7. This situation would sink any government in a properly-functioning democracy.
    As would have the in/out scandal, the Chalk river scandal, the bad-meat scandal, the fantasy-budget-and-party-de-funding schema. etc.
    With the help a bunch of career-threats, some ass-covering generals, a compliant media and a somnolent public the Harper regime has successfully turned this into a he-said she-said type farce.

    Stand up for Canada. Indeed!

  8. ‘The deliberate cover-up of unwanted truths is more the norm than the exception'

    Well Aaron, considering the fact that ClimateGate has yet to make an appearance on a national newscast, I submit to you that the above phrase is as true of your industry as it is of politicians.

    • Way to stay on topic.

      What did you have for dinner last night? I had Greek; it was really delicious.

      Do you like Van Halen?

      • David Lee Roth-era or Sammy Hagar-era Van Halen?

        • I was introduced to Hagar, and while never a huge fan of VH, prefer Hagar.

          Roth has more personality though

      • How do you stay on topic when the topic is what the media doesn't talk about?

        • Not a Greek fan?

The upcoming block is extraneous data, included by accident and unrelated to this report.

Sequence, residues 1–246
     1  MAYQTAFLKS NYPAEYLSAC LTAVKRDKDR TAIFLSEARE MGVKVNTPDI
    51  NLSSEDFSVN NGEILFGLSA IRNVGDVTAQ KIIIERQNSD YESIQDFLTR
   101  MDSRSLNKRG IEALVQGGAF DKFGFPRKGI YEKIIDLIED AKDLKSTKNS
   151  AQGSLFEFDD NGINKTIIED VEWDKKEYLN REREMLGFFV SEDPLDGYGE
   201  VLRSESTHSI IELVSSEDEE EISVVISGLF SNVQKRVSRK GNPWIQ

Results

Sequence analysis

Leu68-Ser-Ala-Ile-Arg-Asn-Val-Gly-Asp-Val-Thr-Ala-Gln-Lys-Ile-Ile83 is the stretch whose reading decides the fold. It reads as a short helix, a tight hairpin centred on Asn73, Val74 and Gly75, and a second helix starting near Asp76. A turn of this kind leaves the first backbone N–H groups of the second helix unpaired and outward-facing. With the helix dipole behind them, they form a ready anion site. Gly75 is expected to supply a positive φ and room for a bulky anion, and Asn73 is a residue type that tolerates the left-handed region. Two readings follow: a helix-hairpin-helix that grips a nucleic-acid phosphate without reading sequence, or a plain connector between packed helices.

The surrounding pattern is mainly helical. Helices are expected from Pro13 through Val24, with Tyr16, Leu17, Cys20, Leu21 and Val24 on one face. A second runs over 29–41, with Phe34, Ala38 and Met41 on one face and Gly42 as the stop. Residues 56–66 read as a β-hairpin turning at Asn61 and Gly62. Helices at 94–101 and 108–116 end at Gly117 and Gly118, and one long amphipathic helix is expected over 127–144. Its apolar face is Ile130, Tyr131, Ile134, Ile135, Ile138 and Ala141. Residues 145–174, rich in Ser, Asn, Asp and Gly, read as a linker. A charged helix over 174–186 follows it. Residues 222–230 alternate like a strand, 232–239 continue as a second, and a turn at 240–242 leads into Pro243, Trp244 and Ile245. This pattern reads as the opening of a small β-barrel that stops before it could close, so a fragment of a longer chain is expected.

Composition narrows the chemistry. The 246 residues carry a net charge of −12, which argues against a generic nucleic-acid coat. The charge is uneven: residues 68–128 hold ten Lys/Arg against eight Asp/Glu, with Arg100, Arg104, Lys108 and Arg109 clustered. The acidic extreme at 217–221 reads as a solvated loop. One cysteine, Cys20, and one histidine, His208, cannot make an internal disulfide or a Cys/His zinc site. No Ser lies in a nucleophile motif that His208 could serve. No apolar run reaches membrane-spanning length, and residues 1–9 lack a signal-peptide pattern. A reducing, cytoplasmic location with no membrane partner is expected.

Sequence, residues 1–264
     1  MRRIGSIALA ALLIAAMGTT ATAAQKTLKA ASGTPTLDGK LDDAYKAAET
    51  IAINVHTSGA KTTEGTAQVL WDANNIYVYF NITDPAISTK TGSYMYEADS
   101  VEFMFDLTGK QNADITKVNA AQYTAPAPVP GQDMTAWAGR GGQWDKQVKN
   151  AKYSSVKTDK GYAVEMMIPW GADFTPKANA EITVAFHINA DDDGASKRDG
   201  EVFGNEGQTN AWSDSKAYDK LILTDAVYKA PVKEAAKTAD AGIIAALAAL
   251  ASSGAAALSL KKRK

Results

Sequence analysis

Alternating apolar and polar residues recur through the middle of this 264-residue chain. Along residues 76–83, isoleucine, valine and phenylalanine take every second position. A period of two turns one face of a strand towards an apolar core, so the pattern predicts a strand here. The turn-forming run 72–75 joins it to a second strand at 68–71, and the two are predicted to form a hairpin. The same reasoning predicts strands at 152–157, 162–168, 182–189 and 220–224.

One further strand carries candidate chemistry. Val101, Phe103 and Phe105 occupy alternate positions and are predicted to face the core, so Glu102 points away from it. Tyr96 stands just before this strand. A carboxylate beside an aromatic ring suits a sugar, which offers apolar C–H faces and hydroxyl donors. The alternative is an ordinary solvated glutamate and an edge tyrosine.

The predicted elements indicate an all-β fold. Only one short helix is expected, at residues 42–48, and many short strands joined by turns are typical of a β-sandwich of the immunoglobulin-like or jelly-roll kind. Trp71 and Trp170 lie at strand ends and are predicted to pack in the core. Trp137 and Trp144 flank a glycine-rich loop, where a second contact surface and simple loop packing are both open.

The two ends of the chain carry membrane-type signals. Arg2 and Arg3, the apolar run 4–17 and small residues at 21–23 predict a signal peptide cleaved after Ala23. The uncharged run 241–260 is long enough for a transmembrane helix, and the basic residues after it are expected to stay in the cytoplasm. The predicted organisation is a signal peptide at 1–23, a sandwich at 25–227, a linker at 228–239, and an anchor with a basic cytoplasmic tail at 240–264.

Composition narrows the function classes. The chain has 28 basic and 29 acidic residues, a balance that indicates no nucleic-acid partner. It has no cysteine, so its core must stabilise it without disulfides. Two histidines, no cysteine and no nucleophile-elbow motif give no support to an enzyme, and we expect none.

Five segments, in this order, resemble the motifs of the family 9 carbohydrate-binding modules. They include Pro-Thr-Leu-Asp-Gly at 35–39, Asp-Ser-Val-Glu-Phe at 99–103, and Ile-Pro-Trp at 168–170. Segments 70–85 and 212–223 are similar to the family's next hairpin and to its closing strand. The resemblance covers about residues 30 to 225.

• The emails you and your delusional brethren keep humping haven't been covered up. The emails and discussion about them can be seen all over the place.

      • Yes, but until everybody believes his point of view, they're obviously not being reported accurately.

  9. certainly not the Gary Cherone era!

  10. I'm certain Aaron wasn't trying to be ironic with ‘The deliberate cover-up of unwanted truths is more the norm than the exception' but just stop and consider for a moment. As John mentions above, what about "climategate"? Also as Colby Cosh blogged the other day what about the breast cancer screening? And most obvious of all, what about the CBS News reports that State statistics on swine flu show under one per cent of lab tested patients, diagnosed by their MD as HINI cases actually have the disease.

    All three examples demonstrate clear public policy decisions made on shaky scientific grounds. All three funnel billions of taxpayer dollars to specific recipients. Critics of the programs face relentless character assasination, career destruction and are labeled "deniers".

    If you are open minded you can find many many more examples. I call this "the pattern of information". When you encounter it you KNOW the fix is in. I am not for a second saying I know what really is going on, but I am certain when you see this "pattern of information" you know that whatever is being pushed is BS for specific economic or geopolitical gain.